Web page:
On March 8, 2013, the U.S. Citizenship and Immigration Services published a new I-9 Employment Eligibility Verification form. The form is used to comply with the Immigration Reform and Control Act of 1986, which requires employers verify newly-hired employee’s identify and legal authorization to work in the United States. Businesses and its newly-hired employees must complete the form within three days of the start of work, and employers must ensure it is done timely and properly. After May 7, 2013, all businesses must use the new, revised I-9 form.
Changes to the form have made the I-9 more user-friendly and easier to read. Employees must complete the first page with their personal information, and the revised form now gives room for employees to provide their email address and phone number (however, it is optional). Businesses must retain an I-9 for all employees for three years after the date of hire or one year after the date employment ends, whichever is later.
Employers need to be attentive when completing these forms. Recent developments under the Obama Administration show that both the U.S. Department of Labor and Homeland Security have increased their budgets for worksite enforcement – indicating the Federal Government is stepping up their efforts in audits of I-9s. Businesses face an array of punishments (from fines to significant civil and criminal penalties) for any violations.
Employers should take notice that the Internal Revenue Service (IRS) has announced a standard business mileage reimbursement rate of 51 cents per mile for 2011. The business mileage reimbursement rate is used by many employers for computing the appropriate employee reimbursement amount in instances where an employee uses a personal vehicle for a work-related purpose. The new mileage reimbursement rate, which takes effect on January 1, 2011, represents a slight increase from the rate set by the IRS in 2010 of 50 cents per business mile driven.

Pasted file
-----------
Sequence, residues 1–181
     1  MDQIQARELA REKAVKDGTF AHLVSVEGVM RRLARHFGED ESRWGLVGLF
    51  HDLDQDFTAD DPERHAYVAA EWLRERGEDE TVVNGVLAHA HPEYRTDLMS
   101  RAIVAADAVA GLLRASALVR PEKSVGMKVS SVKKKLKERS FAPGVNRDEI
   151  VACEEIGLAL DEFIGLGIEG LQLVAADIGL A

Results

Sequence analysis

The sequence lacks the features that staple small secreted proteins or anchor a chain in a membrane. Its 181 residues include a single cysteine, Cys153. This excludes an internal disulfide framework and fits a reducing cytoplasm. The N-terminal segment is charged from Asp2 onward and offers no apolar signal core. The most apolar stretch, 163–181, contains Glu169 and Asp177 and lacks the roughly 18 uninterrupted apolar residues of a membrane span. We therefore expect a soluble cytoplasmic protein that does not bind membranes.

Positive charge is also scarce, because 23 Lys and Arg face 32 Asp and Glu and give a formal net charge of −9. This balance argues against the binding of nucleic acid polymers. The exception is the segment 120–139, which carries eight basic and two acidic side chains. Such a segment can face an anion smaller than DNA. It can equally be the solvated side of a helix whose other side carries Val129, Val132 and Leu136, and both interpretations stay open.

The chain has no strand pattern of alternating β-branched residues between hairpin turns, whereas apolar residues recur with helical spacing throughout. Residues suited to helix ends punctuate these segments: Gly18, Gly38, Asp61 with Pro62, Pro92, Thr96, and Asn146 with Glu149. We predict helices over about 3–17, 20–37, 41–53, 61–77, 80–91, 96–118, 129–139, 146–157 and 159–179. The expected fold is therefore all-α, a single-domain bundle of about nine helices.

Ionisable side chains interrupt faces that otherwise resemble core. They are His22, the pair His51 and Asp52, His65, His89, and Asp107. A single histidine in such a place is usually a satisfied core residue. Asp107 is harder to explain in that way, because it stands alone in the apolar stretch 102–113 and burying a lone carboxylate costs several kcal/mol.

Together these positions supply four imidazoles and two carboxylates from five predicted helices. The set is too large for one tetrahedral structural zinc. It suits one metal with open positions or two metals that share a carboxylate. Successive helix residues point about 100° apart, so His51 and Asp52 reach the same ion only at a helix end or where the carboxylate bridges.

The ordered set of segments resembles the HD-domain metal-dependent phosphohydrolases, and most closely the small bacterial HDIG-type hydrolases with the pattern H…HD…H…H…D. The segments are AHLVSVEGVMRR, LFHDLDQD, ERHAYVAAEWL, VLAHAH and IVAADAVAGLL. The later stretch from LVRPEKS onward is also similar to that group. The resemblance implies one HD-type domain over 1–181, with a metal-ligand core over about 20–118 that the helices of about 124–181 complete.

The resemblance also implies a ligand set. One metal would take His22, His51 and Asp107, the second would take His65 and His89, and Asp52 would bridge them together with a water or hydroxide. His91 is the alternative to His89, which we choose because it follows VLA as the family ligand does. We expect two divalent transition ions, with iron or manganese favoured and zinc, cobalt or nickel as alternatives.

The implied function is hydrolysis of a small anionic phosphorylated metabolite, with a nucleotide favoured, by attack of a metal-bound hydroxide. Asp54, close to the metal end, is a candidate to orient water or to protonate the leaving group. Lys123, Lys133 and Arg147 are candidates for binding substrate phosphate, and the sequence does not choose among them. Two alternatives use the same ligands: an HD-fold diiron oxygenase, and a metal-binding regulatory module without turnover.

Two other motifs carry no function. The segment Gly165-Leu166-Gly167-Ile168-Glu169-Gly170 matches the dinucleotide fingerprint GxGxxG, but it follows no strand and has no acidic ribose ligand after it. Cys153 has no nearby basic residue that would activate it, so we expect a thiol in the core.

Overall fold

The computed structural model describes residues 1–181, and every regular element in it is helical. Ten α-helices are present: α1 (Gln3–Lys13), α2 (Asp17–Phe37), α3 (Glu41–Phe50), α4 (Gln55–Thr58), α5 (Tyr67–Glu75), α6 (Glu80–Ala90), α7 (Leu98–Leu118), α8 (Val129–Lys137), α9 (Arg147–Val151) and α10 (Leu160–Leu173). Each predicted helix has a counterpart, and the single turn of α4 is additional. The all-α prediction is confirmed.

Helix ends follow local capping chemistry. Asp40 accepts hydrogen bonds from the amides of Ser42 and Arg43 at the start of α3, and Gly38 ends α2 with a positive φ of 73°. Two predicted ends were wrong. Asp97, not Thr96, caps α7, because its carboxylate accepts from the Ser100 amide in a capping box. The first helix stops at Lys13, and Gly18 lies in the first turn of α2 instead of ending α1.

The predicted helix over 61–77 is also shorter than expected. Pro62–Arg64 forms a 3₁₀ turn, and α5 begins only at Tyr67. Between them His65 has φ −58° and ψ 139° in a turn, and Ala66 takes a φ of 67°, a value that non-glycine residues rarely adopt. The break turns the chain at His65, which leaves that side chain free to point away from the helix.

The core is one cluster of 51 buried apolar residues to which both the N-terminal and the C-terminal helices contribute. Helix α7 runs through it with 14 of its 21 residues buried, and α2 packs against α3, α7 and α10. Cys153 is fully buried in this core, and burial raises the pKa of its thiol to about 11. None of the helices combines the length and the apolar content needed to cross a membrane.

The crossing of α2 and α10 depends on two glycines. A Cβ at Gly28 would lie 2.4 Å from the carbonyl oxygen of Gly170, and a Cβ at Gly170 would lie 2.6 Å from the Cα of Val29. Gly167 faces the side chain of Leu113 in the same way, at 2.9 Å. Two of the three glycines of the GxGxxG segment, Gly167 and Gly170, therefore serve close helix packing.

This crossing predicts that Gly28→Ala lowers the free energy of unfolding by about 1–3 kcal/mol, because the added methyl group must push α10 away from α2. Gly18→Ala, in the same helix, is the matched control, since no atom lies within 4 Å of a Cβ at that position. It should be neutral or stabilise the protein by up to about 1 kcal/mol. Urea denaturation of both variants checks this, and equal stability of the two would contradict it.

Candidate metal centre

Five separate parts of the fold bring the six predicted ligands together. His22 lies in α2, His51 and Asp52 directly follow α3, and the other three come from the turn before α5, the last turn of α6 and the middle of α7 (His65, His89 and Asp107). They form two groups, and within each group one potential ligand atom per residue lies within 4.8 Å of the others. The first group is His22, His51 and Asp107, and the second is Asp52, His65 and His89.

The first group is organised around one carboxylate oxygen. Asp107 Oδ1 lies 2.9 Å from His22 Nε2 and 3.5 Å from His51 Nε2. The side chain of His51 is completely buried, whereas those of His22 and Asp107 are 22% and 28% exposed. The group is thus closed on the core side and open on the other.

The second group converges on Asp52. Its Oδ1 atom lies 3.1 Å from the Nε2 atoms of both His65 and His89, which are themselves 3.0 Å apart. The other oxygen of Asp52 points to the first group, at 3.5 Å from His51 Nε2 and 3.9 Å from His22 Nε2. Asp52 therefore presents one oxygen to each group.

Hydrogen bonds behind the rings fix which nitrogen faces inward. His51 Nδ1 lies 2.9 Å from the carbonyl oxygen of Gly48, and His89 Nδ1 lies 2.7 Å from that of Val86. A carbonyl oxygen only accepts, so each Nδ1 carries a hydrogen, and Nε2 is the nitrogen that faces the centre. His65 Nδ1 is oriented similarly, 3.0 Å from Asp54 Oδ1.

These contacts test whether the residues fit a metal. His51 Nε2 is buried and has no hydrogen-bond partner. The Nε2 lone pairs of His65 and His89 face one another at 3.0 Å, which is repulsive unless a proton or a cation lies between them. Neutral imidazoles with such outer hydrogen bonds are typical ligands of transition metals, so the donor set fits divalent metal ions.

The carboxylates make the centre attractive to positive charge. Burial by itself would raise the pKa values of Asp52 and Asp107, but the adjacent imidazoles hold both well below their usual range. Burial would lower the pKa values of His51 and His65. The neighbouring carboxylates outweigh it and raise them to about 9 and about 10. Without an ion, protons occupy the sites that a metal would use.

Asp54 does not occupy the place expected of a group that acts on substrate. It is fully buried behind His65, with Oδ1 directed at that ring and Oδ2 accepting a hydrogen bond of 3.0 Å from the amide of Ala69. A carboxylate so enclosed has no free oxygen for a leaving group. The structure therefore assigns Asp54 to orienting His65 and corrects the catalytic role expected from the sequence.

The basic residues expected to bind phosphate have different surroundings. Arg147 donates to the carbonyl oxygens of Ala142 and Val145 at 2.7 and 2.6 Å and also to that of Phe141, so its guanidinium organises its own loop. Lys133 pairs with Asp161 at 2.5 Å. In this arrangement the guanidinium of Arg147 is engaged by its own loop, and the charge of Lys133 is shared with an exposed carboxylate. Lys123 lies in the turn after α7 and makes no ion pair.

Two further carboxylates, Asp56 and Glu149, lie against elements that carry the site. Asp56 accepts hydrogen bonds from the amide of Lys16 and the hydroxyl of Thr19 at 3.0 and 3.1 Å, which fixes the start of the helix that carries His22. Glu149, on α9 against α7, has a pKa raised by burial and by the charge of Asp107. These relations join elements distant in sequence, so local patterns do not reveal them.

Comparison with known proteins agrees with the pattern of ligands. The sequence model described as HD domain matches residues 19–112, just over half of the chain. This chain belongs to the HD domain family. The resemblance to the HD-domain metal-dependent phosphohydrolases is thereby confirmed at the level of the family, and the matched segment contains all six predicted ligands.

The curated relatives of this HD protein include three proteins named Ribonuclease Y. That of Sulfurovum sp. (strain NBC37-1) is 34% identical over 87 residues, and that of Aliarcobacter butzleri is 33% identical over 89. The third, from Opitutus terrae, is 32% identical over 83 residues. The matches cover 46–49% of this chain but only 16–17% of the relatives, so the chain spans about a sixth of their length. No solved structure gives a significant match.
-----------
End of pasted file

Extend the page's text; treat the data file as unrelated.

Employers with an established personnel policy should update their employee handbooks by year-end to reflect this change. Those employers who do not have an established policy for reimbursing employees for business miles traveled in personal vehicles should consider instituting a mileage reimbursement policy for 2010 and adopting a good mileage log reimbursement form for employees.
Employers should consult the IRS website for more information on the mileage reimbursement guidelines.
A Fairfax County Circuit Court has found in favor of an employee and his new employer who were sued for misappropriation of trade secrets, among other claims, when the employee went to work for a direct competitor and took a customer list and vendor contact sheet with him. In the case of Tryco Inc. v. U.S. Medical Source, et al., Brian Thomas (“Thomas”) worked for the Plaintiff (“Tryco”), which was in a niche government contracting industry selling dental and medical supplies to the U.S. government under a Decentralized Blanket Purchase Agreement (“DBPA”). Thomas’s sister-in-law decided to get a DBPA and she started a company which sold dental and medical supplies to the government. Thomas left Tryco and went directly to work for his sister-in-law’s new company, U.S. Medical Source (“USMS”).
Upon leaving to work for the new company, Thomas did not tell Tryco that he was going to work for a direct competitor, and when he downloaded a number of personal items from his work computer onto a flash drive, he copied a contact list and vendor list along with his personal files. Tryco sued everyone involved, including Thomas, USMS, Thomas’s sister-in-law and Thomas’s brother who helped out at USMS from time to time.
After a four day bench trial, the Court found in favor of all the Defendants. Specifically, the Court found that neither of the lists taken by Thomas had independent economic value because:
- The customer list was mostly outdated, and the information on the list (names and telephone numbers of government contracting officers) could be readily obtained through legitimate means – such as using the list of contacts provided to the Defendants by the government; and
- The names and contact information for the companies on the vendor list could be readily obtained simply by looking up the companies on the internet. Therefore, the Court found that Plaintiff could not meet its burden under the Virginia Uniform Trade Secrets Act (“VUTSA”).
In addition, the Court found Thomas’s testimony to be credible that he inadvertently took the two files at issue, rather than misappropriating them for some improper means. This finding was bolstered by the fact that Thomas returned the entire flash drive as soon as he was notified of the issue by Tryco’s counsel, and just days after leaving Tryco’s employ; that he did not disclose any of the information to his new employer; and that, as a factual matter, Thomas knew all of the information on the two documents given that he had interfaced with the government contracting officers and the various vendors routinely as part of his work for Tryco.
At this point (if it had not occurred to you sooner), you may be asking why the employer just did not sue Thomas for breach of his non-competition agreement since he went directly from his employment with Tryco to work for a competitor. The answer is that Thomas was never required to sign a non-compete agreement; so he was free to compete and did so accordingly.